GREAT VALLEY — The Great Valley town board members approved allowing marijuana sales in the town by a 3-1 margin Monday after further discussions among themselves and with more input from local residents.
Board members Lori Finch, Sandy Goode and Becky Kruszynski voted in favor of allowing sales while Supervisor Dan Brown voted against it. Board member Jerry Musall was not present.
After not closing the public hearing from the September meeting, the town again allowed residents to voice their opinions on permitting regulated marijuana sales. Brown said several residents had contacted him in the four weeks between meetings and more said they did not want sales.
Since recreational marijuana use was approved earlier this year in New York state, municipalities have until Dec. 31 to decide whether to opt in or out on allowing sales.
Goode said she noticed there is a dispensary in Kill Buck on Route 417, so sales are in the town even if they are technically only on Seneca Nation territory.
“I think the problem with it, even though we have zoning, is we don’t really have the store front-type area except for down there on 417, and of course that’s on the Nation,” Brown said. “But up through here, we don’t, so where would it really be?”
Zoning board member Chris Schena said, as with cigarette sales, the town wouldn’t be able to compete with the prices on Seneca territory.
Kruszynski said if the town allows sales, then they would be regulated by the state and likely safer, which some people may prefer.
“It’s going to be more expensive compared to the Nation, but it’s going to be safe,” she added.
Some town residents in attendance said the town should opt in and make money from the sales tax if they can. They also said with Ellicottville and the Seneca Nation nearby, chances of someone opening a shop in the town are small anyway.
The 13% tax on legal marijuana sales includes 9% going to the state and a 4% local excise tax that will be distributed to local governments. One percent goes to the county and 3% goes to the cities, town or villages within the county.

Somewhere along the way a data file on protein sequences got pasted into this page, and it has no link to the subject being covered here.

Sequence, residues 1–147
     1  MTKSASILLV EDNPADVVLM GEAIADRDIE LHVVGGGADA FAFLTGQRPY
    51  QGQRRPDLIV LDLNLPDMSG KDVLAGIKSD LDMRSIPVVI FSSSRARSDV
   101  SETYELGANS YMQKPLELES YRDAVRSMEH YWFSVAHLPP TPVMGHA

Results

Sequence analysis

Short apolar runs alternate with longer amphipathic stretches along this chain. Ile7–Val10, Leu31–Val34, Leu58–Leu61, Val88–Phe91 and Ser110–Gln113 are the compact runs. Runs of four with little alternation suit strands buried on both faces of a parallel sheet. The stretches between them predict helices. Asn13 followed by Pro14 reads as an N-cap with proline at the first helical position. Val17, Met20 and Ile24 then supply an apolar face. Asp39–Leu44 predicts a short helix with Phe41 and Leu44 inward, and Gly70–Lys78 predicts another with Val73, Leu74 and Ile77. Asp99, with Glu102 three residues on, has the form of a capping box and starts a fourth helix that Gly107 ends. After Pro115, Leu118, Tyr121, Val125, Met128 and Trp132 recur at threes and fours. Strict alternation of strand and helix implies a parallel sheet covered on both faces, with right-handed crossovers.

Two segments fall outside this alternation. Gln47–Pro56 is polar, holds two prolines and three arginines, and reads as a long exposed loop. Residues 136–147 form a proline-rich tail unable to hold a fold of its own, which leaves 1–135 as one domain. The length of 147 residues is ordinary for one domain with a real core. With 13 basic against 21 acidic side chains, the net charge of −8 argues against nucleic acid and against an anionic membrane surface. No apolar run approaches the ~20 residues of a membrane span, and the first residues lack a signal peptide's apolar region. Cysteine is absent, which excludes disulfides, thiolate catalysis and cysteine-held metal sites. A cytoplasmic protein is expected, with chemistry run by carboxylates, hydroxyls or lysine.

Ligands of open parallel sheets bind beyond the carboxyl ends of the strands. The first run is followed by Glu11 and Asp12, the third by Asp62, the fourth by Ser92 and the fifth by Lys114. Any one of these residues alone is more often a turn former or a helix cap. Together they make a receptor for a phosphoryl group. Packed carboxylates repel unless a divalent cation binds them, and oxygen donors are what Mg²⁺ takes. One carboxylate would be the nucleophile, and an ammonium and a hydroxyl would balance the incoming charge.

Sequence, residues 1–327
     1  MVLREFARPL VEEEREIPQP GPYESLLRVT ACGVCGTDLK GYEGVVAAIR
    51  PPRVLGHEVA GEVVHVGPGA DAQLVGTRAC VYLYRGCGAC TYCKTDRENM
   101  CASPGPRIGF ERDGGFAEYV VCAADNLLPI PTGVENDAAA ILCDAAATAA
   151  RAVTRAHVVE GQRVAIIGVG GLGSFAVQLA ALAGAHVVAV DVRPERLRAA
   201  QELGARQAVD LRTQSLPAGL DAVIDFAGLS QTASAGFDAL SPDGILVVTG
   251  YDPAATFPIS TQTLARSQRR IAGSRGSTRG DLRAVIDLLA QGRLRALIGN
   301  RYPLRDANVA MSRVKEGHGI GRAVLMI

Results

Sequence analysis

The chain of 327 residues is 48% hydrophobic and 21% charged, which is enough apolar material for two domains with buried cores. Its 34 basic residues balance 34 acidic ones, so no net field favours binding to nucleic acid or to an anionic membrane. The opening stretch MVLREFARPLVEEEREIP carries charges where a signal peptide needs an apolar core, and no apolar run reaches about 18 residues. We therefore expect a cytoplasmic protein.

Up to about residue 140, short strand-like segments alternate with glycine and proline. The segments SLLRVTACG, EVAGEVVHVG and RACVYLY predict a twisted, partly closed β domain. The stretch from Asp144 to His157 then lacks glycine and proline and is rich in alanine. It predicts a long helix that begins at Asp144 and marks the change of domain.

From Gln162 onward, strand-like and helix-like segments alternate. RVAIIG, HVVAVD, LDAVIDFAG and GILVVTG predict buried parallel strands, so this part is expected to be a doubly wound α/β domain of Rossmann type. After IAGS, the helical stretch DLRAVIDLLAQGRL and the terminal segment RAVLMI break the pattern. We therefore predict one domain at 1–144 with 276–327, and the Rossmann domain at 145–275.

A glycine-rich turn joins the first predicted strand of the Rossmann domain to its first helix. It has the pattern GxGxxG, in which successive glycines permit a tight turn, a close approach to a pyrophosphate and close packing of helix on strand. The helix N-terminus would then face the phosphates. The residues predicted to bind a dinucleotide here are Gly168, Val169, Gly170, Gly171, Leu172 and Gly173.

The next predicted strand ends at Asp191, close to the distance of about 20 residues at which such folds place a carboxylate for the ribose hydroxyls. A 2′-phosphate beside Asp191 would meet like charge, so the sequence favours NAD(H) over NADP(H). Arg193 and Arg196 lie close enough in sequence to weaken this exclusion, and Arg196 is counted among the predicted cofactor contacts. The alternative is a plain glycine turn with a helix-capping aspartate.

In addition to opting in for the sale of marijuana, the board also voted 4-0 to not allow on-site consumption sites.
In the neighboring town of Humphrey, the town board also voted to allow retail dispensaries but will not allow on-site consumption sites.
IN OTHER BUSINESS, the town board unanimously approved new zoning for certain types of events centers in the town after a public hearing. The idea for the zoning law change came to the board after a couple of residents approached the town about holding barn weddings.
“We determined that we think it’s a good idea and should be allowed, but not everywhere,” said Schena. “We’re going to allow it agricultural-residential, commercial and the HRZ zones only with a special use permit that will have to be filed by the entities that want it.”
The law would permit two events per weekend as defined as Friday at midnight until noon on Sunday as well as one weekday event from May 15 to Nov. 1 such as a family reunion.
Goode asked why limit how often a center could have events. Schena said it’s to give the neighbors a break from the noise and traffic.
A maximum of 300 people would be allowed at one time, Schena said, which would allow for two simultaneous events if they have less than 150 people each. All parking must be contained on the property with no parking in the street or across the street, he said.
“We also determined we didn’t want to have any single-standing port-o-potties,” he said. “They have to have on-site sanitation.”
No food prep would be permitted on site, Schena said. All food must be made off-site and brought to the property fully cooked.
Concerning the noise concern, Schena said the town already has a noise ordinance law that would be enforced.
“Cattaraugus County Planning Board has approved it with one condition that there was some wording in this proposal that needed to be changed,” he said.
Schena said the county also suggested the special use permit go to the individual and not the property so if the property is sold the new owner would have to reapply. Brown agreed with that idea, saying it gives the town a chance to regulate it if the center was being run poorly.
“I don’t think the next owner would be denied, they just may have other ideas for it,” Schena added.